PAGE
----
Michele (yep - our Michele) emailed me her frustrations with finding girls clothes that fit:
Kendra, where do you shop for your girls? I'm at my wit's end trying to find clothes for Emily. The current style of tight t-shirts is so incredibly unflattering on her. She can't wear normal tailored pants/jeans because they just don't fit so she wears a lot of leggings but has outgrown all her tops. I'm seriously considering hiring a seamstress!!!
And all of us mothers of tween girls say, "YES!"
That's pretty much it. We have had to diversify because sometimes we do well at a store once and then not again. Frustrating. We do okay at Forever 21, JCPenney, and Target. We'll also hit Kohls, Macys, Crazy 8 (until they outgrow it) and Old Navy, but Old Navy typically is not a good fit for the sturdier build of Fletcher girls. The pickings are very, very slim, and the time involved is ridiculous, not to mention the fact that these girls have their own opinions!
And why don't girls' clothes fit real girls? You know the girls I'm talking about: the 8 to 12-year-olds who are built like little tree trunks with a figure like a rectangle. Those girls. That little age range/body type doesn't look good in:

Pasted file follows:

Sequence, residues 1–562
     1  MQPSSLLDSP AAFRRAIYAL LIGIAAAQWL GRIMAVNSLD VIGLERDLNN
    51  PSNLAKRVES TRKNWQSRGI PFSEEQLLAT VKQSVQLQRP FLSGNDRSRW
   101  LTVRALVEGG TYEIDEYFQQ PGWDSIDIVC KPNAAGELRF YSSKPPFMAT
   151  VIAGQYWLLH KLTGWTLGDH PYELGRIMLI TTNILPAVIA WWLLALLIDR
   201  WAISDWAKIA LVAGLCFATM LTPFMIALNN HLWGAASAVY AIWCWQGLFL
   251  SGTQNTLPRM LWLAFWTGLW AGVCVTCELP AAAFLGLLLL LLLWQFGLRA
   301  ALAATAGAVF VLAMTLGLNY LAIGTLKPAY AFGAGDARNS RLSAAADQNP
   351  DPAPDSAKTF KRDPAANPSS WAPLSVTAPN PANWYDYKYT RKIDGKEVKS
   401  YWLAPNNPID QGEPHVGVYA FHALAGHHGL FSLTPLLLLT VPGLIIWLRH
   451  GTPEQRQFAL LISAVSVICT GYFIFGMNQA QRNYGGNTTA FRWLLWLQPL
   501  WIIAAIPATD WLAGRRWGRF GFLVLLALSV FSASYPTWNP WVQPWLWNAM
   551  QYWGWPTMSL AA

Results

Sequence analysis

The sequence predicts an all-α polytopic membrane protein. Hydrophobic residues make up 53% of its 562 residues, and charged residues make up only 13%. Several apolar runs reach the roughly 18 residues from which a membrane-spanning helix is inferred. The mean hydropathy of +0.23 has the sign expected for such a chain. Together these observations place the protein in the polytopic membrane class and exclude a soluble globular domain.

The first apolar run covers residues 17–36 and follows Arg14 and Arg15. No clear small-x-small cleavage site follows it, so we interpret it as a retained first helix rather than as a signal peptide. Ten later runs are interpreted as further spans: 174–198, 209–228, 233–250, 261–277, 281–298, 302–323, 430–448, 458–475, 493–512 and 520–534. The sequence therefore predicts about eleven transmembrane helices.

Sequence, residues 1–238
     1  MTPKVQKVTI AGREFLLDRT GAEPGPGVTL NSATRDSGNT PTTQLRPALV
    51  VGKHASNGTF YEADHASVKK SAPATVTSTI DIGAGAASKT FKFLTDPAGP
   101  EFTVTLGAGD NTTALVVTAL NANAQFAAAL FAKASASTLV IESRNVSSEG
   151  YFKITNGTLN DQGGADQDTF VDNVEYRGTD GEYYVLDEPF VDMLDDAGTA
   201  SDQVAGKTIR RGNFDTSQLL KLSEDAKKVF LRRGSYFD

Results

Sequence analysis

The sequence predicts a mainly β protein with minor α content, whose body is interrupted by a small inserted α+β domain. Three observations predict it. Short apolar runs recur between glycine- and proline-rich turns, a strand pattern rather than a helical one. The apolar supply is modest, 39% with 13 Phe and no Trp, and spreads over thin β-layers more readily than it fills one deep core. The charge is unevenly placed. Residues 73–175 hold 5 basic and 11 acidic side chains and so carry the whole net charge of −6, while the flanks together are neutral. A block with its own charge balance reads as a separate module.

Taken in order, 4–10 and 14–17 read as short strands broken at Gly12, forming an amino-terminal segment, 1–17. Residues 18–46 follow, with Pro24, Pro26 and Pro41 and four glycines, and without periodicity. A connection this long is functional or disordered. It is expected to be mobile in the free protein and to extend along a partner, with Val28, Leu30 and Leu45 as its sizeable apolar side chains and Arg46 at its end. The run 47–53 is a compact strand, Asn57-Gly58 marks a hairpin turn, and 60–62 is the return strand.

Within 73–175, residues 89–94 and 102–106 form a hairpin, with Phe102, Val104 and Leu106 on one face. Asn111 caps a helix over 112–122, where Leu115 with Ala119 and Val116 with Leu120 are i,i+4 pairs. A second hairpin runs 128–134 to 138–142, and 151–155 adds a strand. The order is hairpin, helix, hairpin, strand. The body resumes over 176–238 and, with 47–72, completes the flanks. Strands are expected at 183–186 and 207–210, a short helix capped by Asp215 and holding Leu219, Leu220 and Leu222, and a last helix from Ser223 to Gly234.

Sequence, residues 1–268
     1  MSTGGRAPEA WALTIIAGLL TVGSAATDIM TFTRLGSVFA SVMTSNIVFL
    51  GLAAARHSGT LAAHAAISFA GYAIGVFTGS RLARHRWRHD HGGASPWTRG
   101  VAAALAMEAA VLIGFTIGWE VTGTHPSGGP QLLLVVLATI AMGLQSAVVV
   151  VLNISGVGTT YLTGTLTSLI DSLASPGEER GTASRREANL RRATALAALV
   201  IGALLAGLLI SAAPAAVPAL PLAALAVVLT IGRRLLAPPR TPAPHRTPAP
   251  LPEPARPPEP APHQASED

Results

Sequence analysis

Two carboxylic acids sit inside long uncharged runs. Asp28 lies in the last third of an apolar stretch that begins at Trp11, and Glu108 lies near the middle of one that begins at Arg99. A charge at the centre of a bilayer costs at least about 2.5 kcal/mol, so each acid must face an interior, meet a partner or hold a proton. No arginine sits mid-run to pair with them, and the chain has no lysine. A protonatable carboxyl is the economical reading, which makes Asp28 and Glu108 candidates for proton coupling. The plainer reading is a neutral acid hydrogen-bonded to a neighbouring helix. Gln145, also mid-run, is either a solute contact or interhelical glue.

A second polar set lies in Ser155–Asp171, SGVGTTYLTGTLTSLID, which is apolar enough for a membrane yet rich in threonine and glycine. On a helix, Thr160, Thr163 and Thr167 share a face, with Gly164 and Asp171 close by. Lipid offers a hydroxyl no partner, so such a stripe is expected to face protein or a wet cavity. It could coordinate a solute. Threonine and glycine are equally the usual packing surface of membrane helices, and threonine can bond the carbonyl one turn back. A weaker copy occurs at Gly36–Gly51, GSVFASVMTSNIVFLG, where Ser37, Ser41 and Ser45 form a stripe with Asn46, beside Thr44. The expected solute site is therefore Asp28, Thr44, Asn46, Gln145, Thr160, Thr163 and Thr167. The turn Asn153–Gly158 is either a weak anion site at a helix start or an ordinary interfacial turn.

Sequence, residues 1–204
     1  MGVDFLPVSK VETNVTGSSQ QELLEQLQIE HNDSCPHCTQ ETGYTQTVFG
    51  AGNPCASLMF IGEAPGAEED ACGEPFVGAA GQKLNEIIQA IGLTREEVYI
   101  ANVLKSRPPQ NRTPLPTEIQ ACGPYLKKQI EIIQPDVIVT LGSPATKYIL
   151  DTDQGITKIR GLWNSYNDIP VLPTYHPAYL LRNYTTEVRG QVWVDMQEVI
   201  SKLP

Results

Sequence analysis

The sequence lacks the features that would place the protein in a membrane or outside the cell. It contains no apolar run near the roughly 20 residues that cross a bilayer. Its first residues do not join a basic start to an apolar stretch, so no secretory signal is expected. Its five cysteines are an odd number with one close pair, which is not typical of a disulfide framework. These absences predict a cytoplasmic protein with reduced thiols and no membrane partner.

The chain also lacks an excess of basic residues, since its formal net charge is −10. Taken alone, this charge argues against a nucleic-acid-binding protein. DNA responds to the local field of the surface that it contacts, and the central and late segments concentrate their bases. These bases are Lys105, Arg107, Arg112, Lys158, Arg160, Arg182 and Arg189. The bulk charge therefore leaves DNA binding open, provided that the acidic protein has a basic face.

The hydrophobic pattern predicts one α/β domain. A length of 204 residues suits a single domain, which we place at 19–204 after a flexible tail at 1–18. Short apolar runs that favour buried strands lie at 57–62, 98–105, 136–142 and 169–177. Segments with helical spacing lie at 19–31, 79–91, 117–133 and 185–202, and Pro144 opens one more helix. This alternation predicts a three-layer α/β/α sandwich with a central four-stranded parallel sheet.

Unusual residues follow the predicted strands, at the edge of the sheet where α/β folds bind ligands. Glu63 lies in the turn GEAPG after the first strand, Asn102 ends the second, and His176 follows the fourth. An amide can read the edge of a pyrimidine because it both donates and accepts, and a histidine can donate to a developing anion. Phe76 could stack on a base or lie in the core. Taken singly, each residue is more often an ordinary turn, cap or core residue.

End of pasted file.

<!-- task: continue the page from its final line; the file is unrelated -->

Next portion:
- skinny jeans
- spaghetti straps
- go-go boots
- bras meant for girls who have actually developed
- tops with darts (see above)
Anyone want to start a clothing brand for tween girls that addresses all of the concerns above, plus doesn't have stupid sayings on t-shirts, micro mini skirts, or Justin Bieber pics splayed across the chest?
I think the biggest issue here is time. In these tween years, alert your husband that he needs to give you a full day to take you daughter shopping and that you might still return frustrated and need to do it again. Shop out of season if you can; purchase tops that you think will still fit next summer when they're clearanced in November. Not so easy to do with this age group, but worth a try.
I've given up on yard sales and thrift stores unless we're popping in for some other reason. The time involved to hope to find something - anything - isn't worth the money saved for us. It might be different for you, especially depending on where you live. We had amazing consignment stores when we lived in San Francisco, but here in our little farming community, the pickings are slim.
Where have you found success while shopping for your tween girls?